Table of Contents
3 years ago, in a newly-successful chemical lab known as Nuelemen Inc., a vial containing a sedative meant to help restrain prisoners was being carried down the hall to a testing chamber. The hall was brightly lit, and the person carrying the vial down the hall was very cheery: a bob in her stride and a hum in her throat. In fact, there was a thick air of cheeriness at the plant. The company was still small enough that it maintained the feel of a small business, but successful enough that it could afford the luxuries of a larger business. There was a small waterfall in the lobby, to give an example.
The woman, who was a moderately attractive Spanish woman named Rosa, handed her little vial to the short, bespectacled man who was sitting at the work desk in the room she had just walked into. “Thank you, Rosa. Did you manage to work out the protein anomaly that was in the last formula?”
“Yes, just recently. The new formula appears to be stable. No worries!”
“Very good. How about the C-11 compound? How’s that one coming along?” The man fixed her with an expectant, twitchy gaze.
“It still photodegrades too quickly to be useful.”
“Have you tried working with it in the dark?” The man’s gaze narrowed.
“Well, of course we have. But its intended use-“
“You can stop right there, you’ve made your point.” The man settled back in his chair, evidently sated by her response. “Have one of the interns try to work that out. You can start on the new fruit preservative.”
“I’ll start on that right away, Mr. Klatch.” She left promptly, her dislike of the man evident in her eyes, which darted around the room nervously as she spoke to him. The bob eventually found its way back into her step as she made her way back to her own office, and by the time she sat down, she was again humming.
Back in the dimly lit, cramped office, the man with the thick round glasses perched on his nose took out a syringe, and drew some of the contents of the vial into it. The man in the chamber had been on a steady IV drip of a weak tranquilizer for the past couple of hours, and was growing delirious. “Benjamin. How are you doing?”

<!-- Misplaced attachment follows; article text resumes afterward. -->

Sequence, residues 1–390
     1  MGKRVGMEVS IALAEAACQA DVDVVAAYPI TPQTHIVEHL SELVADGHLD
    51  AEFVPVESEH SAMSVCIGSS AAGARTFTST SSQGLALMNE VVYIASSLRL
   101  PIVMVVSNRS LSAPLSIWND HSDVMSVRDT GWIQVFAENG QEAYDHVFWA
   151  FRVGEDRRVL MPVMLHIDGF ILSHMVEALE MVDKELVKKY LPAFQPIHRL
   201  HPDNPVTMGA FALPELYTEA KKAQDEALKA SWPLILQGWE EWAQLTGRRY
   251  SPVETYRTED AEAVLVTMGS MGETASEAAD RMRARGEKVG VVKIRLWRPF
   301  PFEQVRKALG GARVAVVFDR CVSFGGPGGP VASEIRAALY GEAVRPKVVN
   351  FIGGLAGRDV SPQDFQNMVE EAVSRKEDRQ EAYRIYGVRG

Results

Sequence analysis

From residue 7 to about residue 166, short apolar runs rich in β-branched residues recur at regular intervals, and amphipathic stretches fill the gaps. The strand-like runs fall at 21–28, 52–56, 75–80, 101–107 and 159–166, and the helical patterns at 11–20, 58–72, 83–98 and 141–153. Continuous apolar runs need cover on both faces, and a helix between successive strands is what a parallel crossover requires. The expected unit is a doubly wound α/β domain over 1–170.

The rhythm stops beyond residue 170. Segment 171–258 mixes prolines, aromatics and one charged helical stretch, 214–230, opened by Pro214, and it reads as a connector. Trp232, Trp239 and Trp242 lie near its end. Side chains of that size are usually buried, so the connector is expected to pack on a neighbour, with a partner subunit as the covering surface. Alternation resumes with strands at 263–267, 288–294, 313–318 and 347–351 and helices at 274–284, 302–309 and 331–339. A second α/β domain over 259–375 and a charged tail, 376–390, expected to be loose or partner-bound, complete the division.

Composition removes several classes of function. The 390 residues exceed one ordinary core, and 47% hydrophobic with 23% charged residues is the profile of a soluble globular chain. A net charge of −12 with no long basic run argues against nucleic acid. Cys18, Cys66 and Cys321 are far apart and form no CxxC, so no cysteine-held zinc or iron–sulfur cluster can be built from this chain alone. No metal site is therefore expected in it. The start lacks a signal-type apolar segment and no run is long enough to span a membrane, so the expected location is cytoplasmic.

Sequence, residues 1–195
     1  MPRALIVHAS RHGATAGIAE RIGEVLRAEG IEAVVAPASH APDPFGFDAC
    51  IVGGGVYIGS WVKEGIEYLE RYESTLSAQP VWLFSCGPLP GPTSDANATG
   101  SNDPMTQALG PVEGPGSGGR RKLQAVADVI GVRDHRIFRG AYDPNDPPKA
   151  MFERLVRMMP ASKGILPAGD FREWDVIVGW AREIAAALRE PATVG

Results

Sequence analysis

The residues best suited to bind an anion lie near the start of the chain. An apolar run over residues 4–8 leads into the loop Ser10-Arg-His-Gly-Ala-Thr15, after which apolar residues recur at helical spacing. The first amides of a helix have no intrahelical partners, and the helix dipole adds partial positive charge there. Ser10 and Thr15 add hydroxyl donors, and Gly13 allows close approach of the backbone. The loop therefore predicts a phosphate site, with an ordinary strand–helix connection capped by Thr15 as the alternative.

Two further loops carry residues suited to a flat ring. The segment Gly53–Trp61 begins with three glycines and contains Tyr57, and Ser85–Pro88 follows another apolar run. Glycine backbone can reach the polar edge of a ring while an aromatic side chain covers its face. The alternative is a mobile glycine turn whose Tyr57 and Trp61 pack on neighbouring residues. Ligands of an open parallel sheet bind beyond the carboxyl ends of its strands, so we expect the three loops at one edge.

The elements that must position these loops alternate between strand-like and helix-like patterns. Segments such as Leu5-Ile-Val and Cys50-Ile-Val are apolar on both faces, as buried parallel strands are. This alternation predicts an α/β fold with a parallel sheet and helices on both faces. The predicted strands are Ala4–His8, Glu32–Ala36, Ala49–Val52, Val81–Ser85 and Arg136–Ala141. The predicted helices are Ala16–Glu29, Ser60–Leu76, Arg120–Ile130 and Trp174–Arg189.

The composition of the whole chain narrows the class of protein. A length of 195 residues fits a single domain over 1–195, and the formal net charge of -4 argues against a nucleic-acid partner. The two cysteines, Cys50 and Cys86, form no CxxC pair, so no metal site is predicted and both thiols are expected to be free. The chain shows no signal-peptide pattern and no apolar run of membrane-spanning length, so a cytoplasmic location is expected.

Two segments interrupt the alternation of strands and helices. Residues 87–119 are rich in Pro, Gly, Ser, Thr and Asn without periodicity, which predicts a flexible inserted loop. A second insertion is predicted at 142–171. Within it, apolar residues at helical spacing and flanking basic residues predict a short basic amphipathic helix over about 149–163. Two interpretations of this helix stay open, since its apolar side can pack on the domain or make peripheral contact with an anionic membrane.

“I… I’m getting tired. How long did I have to lay here? My arms are getting sore.”
“Wait just a few more minutes, Ben.” The man with the glasses closed the valve feeding the IV drip from the bag into the man’s arm and injected the serum into the man’s bloodstream.
After a few moments, (during which Ben asked “What was in that syringe?”) he suddenly grew very quiet and very still. His eyes slowly slipped shut.
The patient’s vitals were measured and monitored closely over the next month. He was kept in a comatose state during this time by the tranquilizer. The long-term nature of the test was to determine the long-term effects of the sedative. Three weeks into the testing, the patient’s heart stopped.
The patient was disconnected from the IV and prepped for an autopsy. The body was unstrapped from the gurney, and a time of death was called. The patient’s family was notified. They were surprised to hear about him, he had run away from home years ago and had resorted to becoming a medical guinea pig to survive.
The body was left alone on the autopsy table while the staff at Nuelemen gathered in a meeting room to discuss what had gone wrong.
Meanwhile, the body of the patient, Ben, fell off of the autopsy table and rose to its feet. It began to shuffle toward the door before a surgeon who was hired to carry out the autopsy walked in to the room. The lights in the room were off.
Ben fell to the ground, after tripping on his own feet. “Yes, I’ll be back in a moment, I just forgot the folder in here.”
The surgeon turned on the lights, and saw the corpse lying on the ground. “They can’t even put a body on a table the right way… honestly.” The surgeon stooped down to lift the body back onto the table. (Ben was a small man, about 5’4”. The surgeon was roughly 6’2” and so lifting the body by himself was not a problem.)
While the surgeon carried the body back to the table, the body sunk its jaws into the arm of the surgeon.
“Ow!” The surgeon immediately dropped the body onto the floor. “What the hell?”
The deceased once again rose to its feet. “Hlll muh…” it mumbled. Its voice was a deep rasp cut off by the swollen tongue in its mouth. The surgeon grabbed a needle and loaded it with a powerful tranquilizer from the nearby operating table before plunging it into the neck of the cadaver. He depressed the plunger and stepped back, watching the impossible, tottering figure before him. His breaths were heavy and he began to perspire with mounting anticipation.
The zombie did not fall to the floor as the surgeon expected. The surgeon kicked the zombie away and ran out of the room back to the meeting hall.
“The patient is alive! And he bit me!” yelled the surgeon upon entering. The zombie stumbled after the surgeon into the meeting room. “See? There he is!”
Some of the staff screamed in fear, some of the staff scrambled for the other door of the meeting room, and two of them stayed to try to fight off the body.
“Why is he alive? His heart stopped! He had no pulse for a full 4 hours!” A tall man with a wispy goatee exclaimed.
“Hold him down. I’ll get a pulse to make sure he’s actually alive.” Mr. Klatch stated authoritatively. The surgeon and the man with the goatee complied, and held what was left of Ben against the wall. It bit the man with the goatee on the shoulder.
“Ah! Dammit… I’m bleeding a little!”